Building a loyal and consistent customer base is critical for brands. Loyal customers spend more money, engage more, and are more willing to advocate for a brand. Loyalty also drives higher retention rates and customer satisfaction.
Building loyalty requires creating great experiences throughout the entire customer lifecycle – and those experiences need to be relevant and personalized. According to a study from Forbes and Treasure Data, improving customer loyalty programs is a top reason for driving personalization programs forward.
To do personalization right and grow a loyal customer base, you need to have a complete picture of your customers and the relationships they have with your brand. That requires building a customer view that crosses departments and applications— something you can do easily with a customer data platform (CDP).
What is the Difference Between Customer Loyalty and Customer Retention?
Loyalty and retention are used so often together that you might think they are one and the same. But while closely related, there are key differences between the two.
- Retention is the ability to gain repeat business from your existing customers. For example, a brand that sells a specialty sneaker wants its customers to come back and buy a new pair. Or, a SaaS vendor that wants customers to renew their yearly subscription.
- Loyalty is different. It’s not only how long a customer stays with you, it’s how much they engage with your products or services, and how willing they are to recommend you to others. They’ll also spend more money with you buying other products or services.
Just because a customer renews their annual subscription doesn’t mean they aren’t considering switching to a competitor. A loyal customer doesn’t even think about switching. They are happy and satisfied and will stay with your brand forever (assuming you keep them happy).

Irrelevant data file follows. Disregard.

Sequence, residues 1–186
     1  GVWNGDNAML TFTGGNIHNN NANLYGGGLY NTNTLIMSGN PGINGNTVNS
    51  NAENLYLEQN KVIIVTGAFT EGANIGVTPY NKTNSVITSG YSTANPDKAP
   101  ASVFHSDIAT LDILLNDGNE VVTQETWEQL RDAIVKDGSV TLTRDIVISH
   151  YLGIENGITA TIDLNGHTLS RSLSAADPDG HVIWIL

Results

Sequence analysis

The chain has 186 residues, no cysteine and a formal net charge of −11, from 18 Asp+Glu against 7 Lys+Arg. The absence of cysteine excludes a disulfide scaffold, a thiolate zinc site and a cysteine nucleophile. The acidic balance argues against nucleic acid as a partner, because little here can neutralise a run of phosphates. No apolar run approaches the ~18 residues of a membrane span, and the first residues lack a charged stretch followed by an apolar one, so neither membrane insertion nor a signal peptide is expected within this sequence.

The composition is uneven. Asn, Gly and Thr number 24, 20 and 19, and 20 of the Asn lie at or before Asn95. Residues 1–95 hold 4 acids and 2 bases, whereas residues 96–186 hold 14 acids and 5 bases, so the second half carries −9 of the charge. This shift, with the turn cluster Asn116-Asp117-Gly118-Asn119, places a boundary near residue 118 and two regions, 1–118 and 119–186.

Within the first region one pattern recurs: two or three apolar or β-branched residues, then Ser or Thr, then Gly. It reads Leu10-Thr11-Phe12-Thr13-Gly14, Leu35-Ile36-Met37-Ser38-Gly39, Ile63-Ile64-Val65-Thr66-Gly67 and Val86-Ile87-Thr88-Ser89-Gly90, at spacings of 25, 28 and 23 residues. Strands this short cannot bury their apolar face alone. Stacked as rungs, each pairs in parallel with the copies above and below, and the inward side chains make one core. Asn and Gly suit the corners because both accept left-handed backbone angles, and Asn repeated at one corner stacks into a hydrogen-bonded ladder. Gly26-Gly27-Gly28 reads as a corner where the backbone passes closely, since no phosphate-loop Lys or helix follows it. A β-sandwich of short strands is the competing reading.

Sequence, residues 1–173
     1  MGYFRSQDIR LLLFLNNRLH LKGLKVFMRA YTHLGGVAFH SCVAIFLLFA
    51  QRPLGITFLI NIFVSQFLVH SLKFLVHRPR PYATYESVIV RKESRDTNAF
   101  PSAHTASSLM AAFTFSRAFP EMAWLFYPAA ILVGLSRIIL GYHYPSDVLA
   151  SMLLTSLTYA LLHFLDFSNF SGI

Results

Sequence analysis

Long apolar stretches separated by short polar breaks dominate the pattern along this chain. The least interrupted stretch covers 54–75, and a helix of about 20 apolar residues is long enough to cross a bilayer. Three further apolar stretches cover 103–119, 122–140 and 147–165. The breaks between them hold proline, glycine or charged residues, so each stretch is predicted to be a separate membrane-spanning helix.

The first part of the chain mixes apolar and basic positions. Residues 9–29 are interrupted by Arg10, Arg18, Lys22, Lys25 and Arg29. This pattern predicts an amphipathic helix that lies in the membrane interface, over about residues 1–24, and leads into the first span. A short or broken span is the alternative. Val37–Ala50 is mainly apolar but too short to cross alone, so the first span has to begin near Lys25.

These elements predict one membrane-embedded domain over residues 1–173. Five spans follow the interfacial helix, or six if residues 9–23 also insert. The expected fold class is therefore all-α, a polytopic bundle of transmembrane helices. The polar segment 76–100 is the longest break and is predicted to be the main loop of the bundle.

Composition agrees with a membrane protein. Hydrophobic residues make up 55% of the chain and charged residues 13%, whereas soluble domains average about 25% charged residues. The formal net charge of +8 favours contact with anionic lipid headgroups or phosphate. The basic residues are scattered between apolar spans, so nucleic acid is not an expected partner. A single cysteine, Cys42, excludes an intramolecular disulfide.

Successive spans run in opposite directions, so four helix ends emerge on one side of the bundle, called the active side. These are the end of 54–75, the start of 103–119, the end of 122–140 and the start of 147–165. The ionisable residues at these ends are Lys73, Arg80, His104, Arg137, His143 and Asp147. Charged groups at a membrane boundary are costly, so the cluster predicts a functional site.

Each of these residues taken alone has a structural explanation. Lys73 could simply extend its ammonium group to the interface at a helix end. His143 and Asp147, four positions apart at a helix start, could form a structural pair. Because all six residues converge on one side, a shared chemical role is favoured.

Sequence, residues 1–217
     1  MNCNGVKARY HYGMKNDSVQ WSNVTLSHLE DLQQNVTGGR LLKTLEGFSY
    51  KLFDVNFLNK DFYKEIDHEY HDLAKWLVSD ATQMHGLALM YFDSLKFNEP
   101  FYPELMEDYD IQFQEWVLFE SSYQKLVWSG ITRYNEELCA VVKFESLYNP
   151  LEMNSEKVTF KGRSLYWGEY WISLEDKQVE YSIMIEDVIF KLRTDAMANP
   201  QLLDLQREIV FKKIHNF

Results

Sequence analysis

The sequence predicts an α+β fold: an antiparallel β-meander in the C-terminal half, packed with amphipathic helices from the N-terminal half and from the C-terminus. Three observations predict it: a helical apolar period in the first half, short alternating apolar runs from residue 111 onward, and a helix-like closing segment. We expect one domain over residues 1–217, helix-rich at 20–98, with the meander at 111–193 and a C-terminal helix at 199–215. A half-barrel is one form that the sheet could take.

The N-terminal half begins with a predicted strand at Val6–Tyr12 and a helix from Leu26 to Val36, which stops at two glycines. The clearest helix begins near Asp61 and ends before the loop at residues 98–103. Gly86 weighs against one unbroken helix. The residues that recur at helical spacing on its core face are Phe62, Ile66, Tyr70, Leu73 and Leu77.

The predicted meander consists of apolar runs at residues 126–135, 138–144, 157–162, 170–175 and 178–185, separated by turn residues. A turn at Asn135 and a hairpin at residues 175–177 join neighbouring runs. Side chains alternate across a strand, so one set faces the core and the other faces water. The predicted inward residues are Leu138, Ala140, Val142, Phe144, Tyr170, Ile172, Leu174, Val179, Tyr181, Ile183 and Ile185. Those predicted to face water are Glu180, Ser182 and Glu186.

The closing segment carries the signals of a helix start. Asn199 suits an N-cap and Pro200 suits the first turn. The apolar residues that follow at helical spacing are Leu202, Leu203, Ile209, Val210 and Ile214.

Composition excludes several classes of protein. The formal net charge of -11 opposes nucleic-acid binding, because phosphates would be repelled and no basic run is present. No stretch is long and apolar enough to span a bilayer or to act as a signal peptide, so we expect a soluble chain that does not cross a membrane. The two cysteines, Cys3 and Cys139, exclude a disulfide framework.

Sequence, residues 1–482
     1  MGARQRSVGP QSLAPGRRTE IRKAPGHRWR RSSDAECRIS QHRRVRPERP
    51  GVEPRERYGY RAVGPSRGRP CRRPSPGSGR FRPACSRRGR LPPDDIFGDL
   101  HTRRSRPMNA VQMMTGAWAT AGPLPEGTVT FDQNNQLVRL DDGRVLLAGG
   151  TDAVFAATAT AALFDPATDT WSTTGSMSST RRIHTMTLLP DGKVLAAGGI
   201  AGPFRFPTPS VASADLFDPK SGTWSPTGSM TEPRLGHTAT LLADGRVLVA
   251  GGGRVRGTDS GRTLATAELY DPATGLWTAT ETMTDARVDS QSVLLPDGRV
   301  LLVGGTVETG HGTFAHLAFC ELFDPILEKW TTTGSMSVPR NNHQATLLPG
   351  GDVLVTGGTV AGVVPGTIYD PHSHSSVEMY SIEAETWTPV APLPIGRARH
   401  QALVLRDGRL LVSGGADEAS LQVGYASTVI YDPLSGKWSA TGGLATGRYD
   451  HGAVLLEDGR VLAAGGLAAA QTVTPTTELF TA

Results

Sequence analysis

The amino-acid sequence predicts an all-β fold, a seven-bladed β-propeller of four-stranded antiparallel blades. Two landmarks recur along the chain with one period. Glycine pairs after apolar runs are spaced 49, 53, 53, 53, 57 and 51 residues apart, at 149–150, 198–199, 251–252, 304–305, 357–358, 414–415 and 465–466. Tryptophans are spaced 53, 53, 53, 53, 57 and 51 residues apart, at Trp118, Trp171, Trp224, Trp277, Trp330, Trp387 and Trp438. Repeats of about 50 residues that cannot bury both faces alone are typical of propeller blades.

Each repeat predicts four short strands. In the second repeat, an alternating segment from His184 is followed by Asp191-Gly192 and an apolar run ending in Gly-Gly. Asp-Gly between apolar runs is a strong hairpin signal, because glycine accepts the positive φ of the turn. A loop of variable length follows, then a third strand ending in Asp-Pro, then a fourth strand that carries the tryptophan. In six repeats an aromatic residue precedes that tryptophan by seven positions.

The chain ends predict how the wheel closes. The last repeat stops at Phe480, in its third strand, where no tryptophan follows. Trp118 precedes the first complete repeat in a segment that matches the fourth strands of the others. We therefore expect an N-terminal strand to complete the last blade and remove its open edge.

The simplest way to think of loyalty and retention is this: retention keeps your business from declining, but loyalty grows it. So, if you want to create a scalable business, you have to think beyond retention and build loyalty programs that keep your customers coming back, and make them want to advocate for you to others.
Why is Customer Loyalty So Important for Brands?
Your business will not grow if it doesn’t retain its current customers, but if your customers aren’t loyal to your brand, you risk losing them to competitors.
Loyalty is built throughout the entire customer experience. The quality of your products, customer support, the user experience across all your customer channels, the value you offer in the form of rewards and other benefits, and your products all impact a customer’s propensity to be loyal to your brand.
According to PwC’s 2022 Customer Loyalty Survey, 55 percent of surveyed consumers said multiple bad experiences would cause them to drop a brand they liked. Another 37 percent cited a bad experience with products/services as the reason for leaving a brand, and 32 percent singled out a bad customer service incident.
That’s why moving beyond focusing solely on retention, to creating truly loyal customers through relevant and personalized experiences throughout the customer lifecycle, is critical.
How a CDP Helps Execute Highly Relevant Customer Loyalty Campaigns
Creating loyal customers requires a deep understanding of the customer journey so you can deliver personalized experiences. Let’s look at a few ways you can leverage a CDP for loyalty campaigns.
1. Create Personalized Customer Experiences
To create a personalized experience, you need to know your customer intimately. That requires access to first-party and zero-party data captured across all your applications. This data provides detailed knowledge of a customer, including the products and services they purchased, their interactions on your website or with emails, communication preferences or interests, and more. A CDP connects all your applications to combine this data in a central location, giving you a 360-degree customer view. You can then use this customer profile to create targeted, personalized experiences.